US Secretary of State John Kerry, French President Francois Hollande and German Chancellor Angela Merkel all intend to try and make peace between Ukraine and Russia this week.
Kerry is already in Ukraine to show America’s support for the Kiev government.
Hollande told international media Thursday in Paris that he and Merkel would head first to Kiev and then to Moscow on Friday to present Russian President Vladimir Putin with a proposal “based on the territorial integrity of Ukraine.”
NATO, meanwhile, is unveiling details of a plan to bolster its military presence in eastern Europe in response to the Ukraine crisis, according to the BBC. NATO chief Jens Stoltenberg told the news service it will be the biggest reinforcement of its collective defense since the end of the Cold War, centering on a “spearhead” force of up to 5,000 troops with lead units able to deploy within two days. A network of command centers is being established in Estonia, Lithuania, Latvia, Poland, Romania and Bulgaria, Stoltenberg said, in response to “the aggressive actions we have seen from Russia, violating international law and annexing Crimea.”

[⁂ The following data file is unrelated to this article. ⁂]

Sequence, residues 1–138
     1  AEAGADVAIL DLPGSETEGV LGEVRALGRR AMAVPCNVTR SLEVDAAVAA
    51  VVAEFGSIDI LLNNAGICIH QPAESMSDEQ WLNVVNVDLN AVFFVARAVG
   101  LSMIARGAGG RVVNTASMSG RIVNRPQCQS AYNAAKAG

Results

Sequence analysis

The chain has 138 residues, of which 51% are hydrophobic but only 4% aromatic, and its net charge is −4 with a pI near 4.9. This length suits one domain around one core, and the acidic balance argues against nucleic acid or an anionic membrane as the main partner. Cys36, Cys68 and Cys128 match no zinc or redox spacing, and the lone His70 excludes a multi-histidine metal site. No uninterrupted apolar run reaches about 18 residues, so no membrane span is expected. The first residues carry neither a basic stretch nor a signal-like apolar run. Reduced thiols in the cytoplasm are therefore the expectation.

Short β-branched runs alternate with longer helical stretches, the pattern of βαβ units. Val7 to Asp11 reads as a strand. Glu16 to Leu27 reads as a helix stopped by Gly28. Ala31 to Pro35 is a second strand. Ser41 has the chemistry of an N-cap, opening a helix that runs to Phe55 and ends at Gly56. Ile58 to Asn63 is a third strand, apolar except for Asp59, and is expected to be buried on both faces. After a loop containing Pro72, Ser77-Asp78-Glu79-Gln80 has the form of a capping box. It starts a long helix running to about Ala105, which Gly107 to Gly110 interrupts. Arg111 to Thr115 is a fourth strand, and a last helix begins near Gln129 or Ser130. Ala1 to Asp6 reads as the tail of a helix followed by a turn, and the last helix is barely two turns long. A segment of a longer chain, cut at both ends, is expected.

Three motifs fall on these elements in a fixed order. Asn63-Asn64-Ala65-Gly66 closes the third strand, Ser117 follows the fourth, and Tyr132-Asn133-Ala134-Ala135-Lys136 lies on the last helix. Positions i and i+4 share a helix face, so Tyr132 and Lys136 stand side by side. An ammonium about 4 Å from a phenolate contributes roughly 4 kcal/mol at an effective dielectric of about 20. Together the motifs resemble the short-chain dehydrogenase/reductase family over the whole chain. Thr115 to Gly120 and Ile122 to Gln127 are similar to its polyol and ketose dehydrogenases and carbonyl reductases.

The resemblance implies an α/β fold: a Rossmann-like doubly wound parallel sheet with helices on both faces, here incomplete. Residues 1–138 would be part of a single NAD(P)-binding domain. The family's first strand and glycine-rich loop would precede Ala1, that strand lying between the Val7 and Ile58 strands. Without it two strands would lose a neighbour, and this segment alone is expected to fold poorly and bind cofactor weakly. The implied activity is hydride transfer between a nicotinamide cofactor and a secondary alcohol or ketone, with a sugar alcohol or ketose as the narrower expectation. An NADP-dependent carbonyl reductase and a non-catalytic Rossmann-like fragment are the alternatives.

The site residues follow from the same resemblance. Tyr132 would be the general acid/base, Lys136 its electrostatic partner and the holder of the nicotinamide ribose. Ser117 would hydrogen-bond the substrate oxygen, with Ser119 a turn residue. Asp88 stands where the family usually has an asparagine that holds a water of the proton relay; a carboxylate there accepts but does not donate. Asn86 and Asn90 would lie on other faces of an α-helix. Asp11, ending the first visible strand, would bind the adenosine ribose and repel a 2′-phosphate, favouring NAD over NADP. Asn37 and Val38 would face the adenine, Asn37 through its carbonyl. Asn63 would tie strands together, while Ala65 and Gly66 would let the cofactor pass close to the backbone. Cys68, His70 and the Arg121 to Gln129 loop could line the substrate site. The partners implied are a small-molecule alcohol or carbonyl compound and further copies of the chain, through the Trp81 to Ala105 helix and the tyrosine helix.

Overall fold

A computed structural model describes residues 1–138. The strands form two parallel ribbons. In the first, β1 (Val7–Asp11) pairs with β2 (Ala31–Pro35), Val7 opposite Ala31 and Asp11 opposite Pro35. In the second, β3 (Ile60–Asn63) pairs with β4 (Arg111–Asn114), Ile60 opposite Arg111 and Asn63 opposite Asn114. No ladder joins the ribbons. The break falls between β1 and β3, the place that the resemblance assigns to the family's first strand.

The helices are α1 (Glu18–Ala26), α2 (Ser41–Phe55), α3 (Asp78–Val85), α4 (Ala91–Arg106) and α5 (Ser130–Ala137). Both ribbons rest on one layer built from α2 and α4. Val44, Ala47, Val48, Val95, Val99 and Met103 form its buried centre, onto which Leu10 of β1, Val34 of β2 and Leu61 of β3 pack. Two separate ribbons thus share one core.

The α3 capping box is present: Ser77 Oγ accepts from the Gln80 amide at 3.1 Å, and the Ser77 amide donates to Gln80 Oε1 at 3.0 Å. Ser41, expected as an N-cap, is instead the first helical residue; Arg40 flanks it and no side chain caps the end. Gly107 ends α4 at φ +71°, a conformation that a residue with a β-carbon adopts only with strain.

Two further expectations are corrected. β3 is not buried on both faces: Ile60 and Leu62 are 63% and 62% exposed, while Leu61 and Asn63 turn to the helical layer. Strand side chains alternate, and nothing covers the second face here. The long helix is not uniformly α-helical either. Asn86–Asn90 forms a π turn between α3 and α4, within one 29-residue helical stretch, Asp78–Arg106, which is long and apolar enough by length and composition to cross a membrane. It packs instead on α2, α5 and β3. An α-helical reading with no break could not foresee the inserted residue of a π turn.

The French president described the months-long conflict with pro-Russia rebels that wreaked havoc in Ukraine as a full-fledged war. “Ukraine is at war. Heavy weapons are being used and civilians are being killed daily,” Hollande said.
Kerry told the BBC in Kiev that the U.S. wants to see a diplomatic solution to the conflict, but will not close its eyes to Russian aggression.
“We want a diplomatic resolution but we cannot close our eyes to tanks that are crossing the border from Russia and coming into Ukraine,” Kerry said at a joint news conference with Ukrainian President Petro Poroshenko.
More than 5,000 people have died in the fighting between Ukrainian forces and pro-Russian rebel troops, some of which include Russian “volunteers,” since April 2014. The eastern Ukraine cities of Donetsk and Lugansk are both under rebel control.